Zarella '12 Dives Into NJ Park Water Body Study
Park systems can provide miniature retreats of sandy beaches and lush lawns. The relaxing purpose of parks and recreational areas makes it easy to forget the hard work that goes into maintaining these places. In fact, park system employees dedicate a lot of time and energy into making parks beautiful, clean and functional. As an intern for the Monmouth County Park System in New Jersey, Paul Zarella ’12 is working with the acquisition and design department which provides land preservation and planning services through land acquisition, resource-sensitive design and restoration. His internship is supported by the Jeffery Fund through the Career Center.
Zarella will work specifically with the park system’s many lakes, ponds and streams. He will conduct surveys of these bodies of water using GIS, or Geographic Information System, and GPS technology.
His findings will be used for data collection, analysis and mapping. These surveys will include bathymetric studies, measuring water depth, and benthic studies, exploring the lowest layer of a body of water, as well as physical and chemical examinations of the water. More specifically he is dealing with lake bottom contours and bottom sediment type. Furthermore, Zarella will evaluate water quality and relate it to parameters such as watershed conditions and storm water management. His efforts will be used to develop lake management and restoration plans as well as best management practices for park lakes and other projects.
The Monmouth County Park System was founded in 1960 by the Board of Chosen Freeholders to preserve the county’s public recreational areas. Since its founding, the system has expanded to 39 sites totaling more than 15,000 acres. These areas include parks, playgrounds, beaches, gardens, golf courses, forests, wetlands and undeveloped areas. In addition to preservation and development, the park system provides thousands of activities and programs throughout the year for people of all different ages and interests. Zarella will work with the Requisition and Design Department, which provides land preservation and planning services through land acquisition, resource-sensitive design and restoration.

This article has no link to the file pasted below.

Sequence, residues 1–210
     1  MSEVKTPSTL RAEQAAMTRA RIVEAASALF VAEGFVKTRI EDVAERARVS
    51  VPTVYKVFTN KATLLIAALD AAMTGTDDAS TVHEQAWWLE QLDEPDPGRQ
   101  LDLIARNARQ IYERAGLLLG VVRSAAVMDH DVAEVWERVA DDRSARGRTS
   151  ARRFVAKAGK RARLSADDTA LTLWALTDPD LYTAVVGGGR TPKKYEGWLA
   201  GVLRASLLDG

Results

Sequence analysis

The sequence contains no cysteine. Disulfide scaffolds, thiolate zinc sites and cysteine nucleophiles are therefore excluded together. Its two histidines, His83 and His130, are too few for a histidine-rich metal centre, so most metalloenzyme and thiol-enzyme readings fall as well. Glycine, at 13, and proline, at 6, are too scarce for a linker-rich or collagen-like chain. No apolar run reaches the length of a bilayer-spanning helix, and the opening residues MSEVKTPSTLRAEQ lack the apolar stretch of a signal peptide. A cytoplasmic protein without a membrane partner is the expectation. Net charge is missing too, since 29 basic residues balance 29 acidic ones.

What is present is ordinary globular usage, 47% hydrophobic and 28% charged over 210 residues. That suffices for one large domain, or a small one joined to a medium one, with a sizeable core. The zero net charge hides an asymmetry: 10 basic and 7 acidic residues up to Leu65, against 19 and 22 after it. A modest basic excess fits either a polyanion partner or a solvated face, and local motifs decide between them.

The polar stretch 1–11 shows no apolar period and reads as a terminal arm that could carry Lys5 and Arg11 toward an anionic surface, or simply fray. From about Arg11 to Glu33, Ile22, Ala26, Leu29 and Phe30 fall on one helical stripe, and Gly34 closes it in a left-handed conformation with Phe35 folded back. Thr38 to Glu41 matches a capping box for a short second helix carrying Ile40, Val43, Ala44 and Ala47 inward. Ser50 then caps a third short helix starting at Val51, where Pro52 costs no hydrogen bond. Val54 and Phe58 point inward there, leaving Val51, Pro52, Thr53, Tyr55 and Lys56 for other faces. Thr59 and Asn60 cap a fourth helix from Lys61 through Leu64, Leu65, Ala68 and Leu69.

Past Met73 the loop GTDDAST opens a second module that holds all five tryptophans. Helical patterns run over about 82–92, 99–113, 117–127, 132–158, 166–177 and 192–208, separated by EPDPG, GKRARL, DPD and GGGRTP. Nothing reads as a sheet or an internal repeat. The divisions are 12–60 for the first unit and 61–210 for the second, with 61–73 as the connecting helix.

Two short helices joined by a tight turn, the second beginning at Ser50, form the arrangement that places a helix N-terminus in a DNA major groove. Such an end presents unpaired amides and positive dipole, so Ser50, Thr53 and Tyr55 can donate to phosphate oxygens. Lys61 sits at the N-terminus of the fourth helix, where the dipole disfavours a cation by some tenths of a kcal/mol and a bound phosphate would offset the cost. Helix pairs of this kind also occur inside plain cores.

The recreational areas of Monmouth County hold personal importance to Zarella, as he frequently visited these parks and beaches throughout his childhood. His own experiences with the Monmouth Country Park System have opened his eyes to the value of maintaining and expanding these areas. Zarella explains that parks are especially important now, considering the increasing cultural dependency on technology. He still enjoys outdoor activities such as fishing, hiking and boating, and he hopes to ensure that people will continue to enjoy the park system in the same ways he has.
In addition to the personal attachment Zarella has for his county’s parks, he looks forward to applying his geosciences studies during his work for the park system. He explains, “I decided to become a geosciences major because I want to take part in fulfilling, challenging work outdoors and I want to benefit my community.”
His internship provides him with a direct, practical application of the skills he learned in his geosciences courses. This position also relates to his career goals. After graduating, Zarella hopes to enter the environmental consulting field, and his work with the Monmouth County Park System will grant him valuable experience in field sampling and project management.
Parks are more than green lawns and blue lakes. They provide an important resource, and Zarella’s efforts will help ensure that his county’s park system continues running as smoothly as possible. After all, new technological gadgets may make life easier and provide entertainment, but at the end of the day everybody needs a place to disconnect.
Paul Zarella is a graduate of the Marine Academy of Science and Technology in Sandy Hook, N.J.